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The EU AI Act: A New Regulation Governing Artificial Intelligence

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Recently, the European Parliament passed a groundbreaking regulation that governs the use of artificial intelligence (AI) technology and its applications worldwide. Known as the “Regulation of the European Parliament and of the Council laying down harmonised rules on artificial intelligence (Artificial Intelligence Act) and amending certain Union legislative acts,” this regulation has attracted significant attention since its proposal in 2021. Now, three years later, it has been approved in the European Parliament. The act is set to enter into force at the end of the legislative session in May 2024 and will become fully applicable 24 months after its publication in the official journal.

The Impact on Third-Party Risk Management Programs

This new regulation is expected to have a transformative impact on third-party risk management (TPRM) programs, particularly for companies based outside of Europe that wish to conduct business within the European Union. To understand the implications for your TPRM program, let’s delve deeper into the EU AI Act and provide some context.

Understanding the EU AI Act

The EU AI Act aims to establish a governance and compliance framework for AI within the European Union. Its primary objective is to set boundaries on the use of AI technology and outline the responsibilities of companies operating in Europe that seek to develop AI tools or apply AI to their existing technology.

By implementing this act, the European Union aims to ensure that AI is developed and used in a manner that aligns with its values and principles. It seeks to strike a balance between fostering innovation and safeguarding individuals’ rights and societal well-being.

Key Provisions of the EU AI Act

The EU AI Act encompasses several key provisions that companies need to be aware of when it comes to their TPRM programs:

1. High-Risk AI Systems

The act categorizes certain AI systems as high-risk and imposes stricter requirements on their development and deployment. High-risk AI systems include those used in critical infrastructure, transportation, healthcare, and law enforcement. Companies developing or using such AI systems will need to comply with specific obligations, such as conducting risk assessments, ensuring transparency, and implementing human oversight.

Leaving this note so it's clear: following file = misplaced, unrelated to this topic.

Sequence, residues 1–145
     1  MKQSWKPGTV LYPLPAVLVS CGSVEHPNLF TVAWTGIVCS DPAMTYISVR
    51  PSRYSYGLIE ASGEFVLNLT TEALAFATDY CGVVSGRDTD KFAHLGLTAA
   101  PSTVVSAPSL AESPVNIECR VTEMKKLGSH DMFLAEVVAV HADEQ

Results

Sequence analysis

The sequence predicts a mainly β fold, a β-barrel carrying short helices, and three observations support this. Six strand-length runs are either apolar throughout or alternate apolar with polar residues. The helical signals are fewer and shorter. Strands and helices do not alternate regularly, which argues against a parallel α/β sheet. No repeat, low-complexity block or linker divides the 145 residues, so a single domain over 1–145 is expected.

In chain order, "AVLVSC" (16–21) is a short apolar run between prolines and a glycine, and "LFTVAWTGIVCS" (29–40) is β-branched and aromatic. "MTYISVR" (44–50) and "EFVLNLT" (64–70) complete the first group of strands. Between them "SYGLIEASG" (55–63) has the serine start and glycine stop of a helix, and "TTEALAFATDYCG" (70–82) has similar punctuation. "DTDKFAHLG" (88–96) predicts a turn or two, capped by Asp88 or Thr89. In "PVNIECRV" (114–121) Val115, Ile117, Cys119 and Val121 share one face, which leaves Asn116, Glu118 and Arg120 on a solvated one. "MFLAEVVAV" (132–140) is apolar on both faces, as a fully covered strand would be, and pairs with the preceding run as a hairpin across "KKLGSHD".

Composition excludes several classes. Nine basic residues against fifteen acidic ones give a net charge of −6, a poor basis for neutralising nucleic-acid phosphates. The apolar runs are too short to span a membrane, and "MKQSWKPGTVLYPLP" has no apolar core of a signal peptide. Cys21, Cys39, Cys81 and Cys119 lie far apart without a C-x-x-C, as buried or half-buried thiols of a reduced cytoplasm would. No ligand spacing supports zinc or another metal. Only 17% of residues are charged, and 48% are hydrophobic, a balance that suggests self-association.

2. Transparency and Accountability

The EU AI Act emphasizes the importance of transparency and accountability in AI systems. Companies must provide clear information to users regarding the use of AI and any potential risks involved. They must also ensure that their AI systems are auditable, allowing for accountability and the identification of potential biases or discriminatory practices.

3. Data Governance and Privacy

The act places great emphasis on data governance and privacy. Companies must adhere to strict data protection regulations when collecting, processing, and using data for AI purposes. They must also ensure that individuals’ privacy rights are respected and that appropriate safeguards are in place to prevent unauthorized access or misuse of personal data.

Implications for Your TPRM Program

The EU AI Act introduces a new set of considerations for companies operating in Europe or seeking to enter the European market:

1. Compliance Requirements

Companies must familiarize themselves with the requirements outlined in the EU AI Act and ensure that their TPRM programs align with these regulations. This may involve conducting thorough risk assessments, implementing robust oversight mechanisms, and establishing clear accountability structures.

2. Vendor Due Diligence

When engaging with third-party vendors, companies must assess whether the AI systems or technologies they provide fall under the high-risk category. If so, additional due diligence measures should be undertaken to ensure compliance with the EU AI Act. This may include reviewing vendors’ risk assessment processes, data governance practices, and transparency measures.

3. Data Protection and Privacy

Given the focus on data governance and privacy, companies must prioritize the protection of personal data when engaging in AI-related activities. This involves implementing robust data protection measures, obtaining appropriate consent for data usage, and ensuring compliance with relevant data protection regulations, such as the General Data Protection Regulation (GDPR).

Conclusion

The EU AI Act represents a significant milestone in the regulation of AI technology. By establishing a comprehensive governance and compliance framework, it aims to harness the benefits of AI while safeguarding individuals’ rights and societal well-being. For companies operating in Europe or looking to do business within the European Union, understanding the implications of this act on their TPRM programs is crucial. By staying informed and adapting their practices accordingly, companies can navigate the evolving landscape of AI regulation and ensure compliance with the EU AI Act.

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